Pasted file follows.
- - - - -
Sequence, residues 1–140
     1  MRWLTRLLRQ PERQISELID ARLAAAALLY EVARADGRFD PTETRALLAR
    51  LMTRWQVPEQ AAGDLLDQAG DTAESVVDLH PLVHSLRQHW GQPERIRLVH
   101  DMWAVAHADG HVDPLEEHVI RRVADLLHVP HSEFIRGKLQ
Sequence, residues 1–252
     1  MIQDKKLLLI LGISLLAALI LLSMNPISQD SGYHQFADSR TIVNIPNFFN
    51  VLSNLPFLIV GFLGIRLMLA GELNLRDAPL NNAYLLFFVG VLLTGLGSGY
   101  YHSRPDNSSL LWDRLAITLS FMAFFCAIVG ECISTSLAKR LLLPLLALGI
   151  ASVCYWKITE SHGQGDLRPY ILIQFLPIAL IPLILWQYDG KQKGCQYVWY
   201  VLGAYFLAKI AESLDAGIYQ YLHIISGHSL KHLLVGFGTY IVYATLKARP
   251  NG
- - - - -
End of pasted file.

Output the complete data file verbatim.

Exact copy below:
Sequence, residues 1–140
     1  MRWLTRLLRQ PERQISELID ARLAAAALLY EVARADGRFD PTETRALLAR
    51  LMTRWQVPEQ AAGDLLDQAG DTAESVVDLH PLVHSLRQHW GQPERIRLVH
   101  DMWAVAHADG HVDPLEEHVI RRVADLLHVP HSEFIRGKLQ
Sequence, residues 1–252
     1  MIQDKKLLLI LGISLLAALI LLSMNPISQD SGYHQFADSR TIVNIPNFFN
    51  VLSNLPFLIV GFLGIRLMLA GELNLRDAPL NNAYLLFFVG VLLTGLGSGY
   101  YHSRPDNSSL LWDRLAITLS FMAFFCAIVG ECISTSLAKR LLLPLLALGI
   151  ASVCYWKITE SHGQGDLRPY ILIQFLPIAL IPLILWQYDG KQKGCQYVWY
   201  VLGAYFLAKI AESLDAGIYQ YLHIISGHSL KHLLVGFGTY IVYATLKARP
   251  NG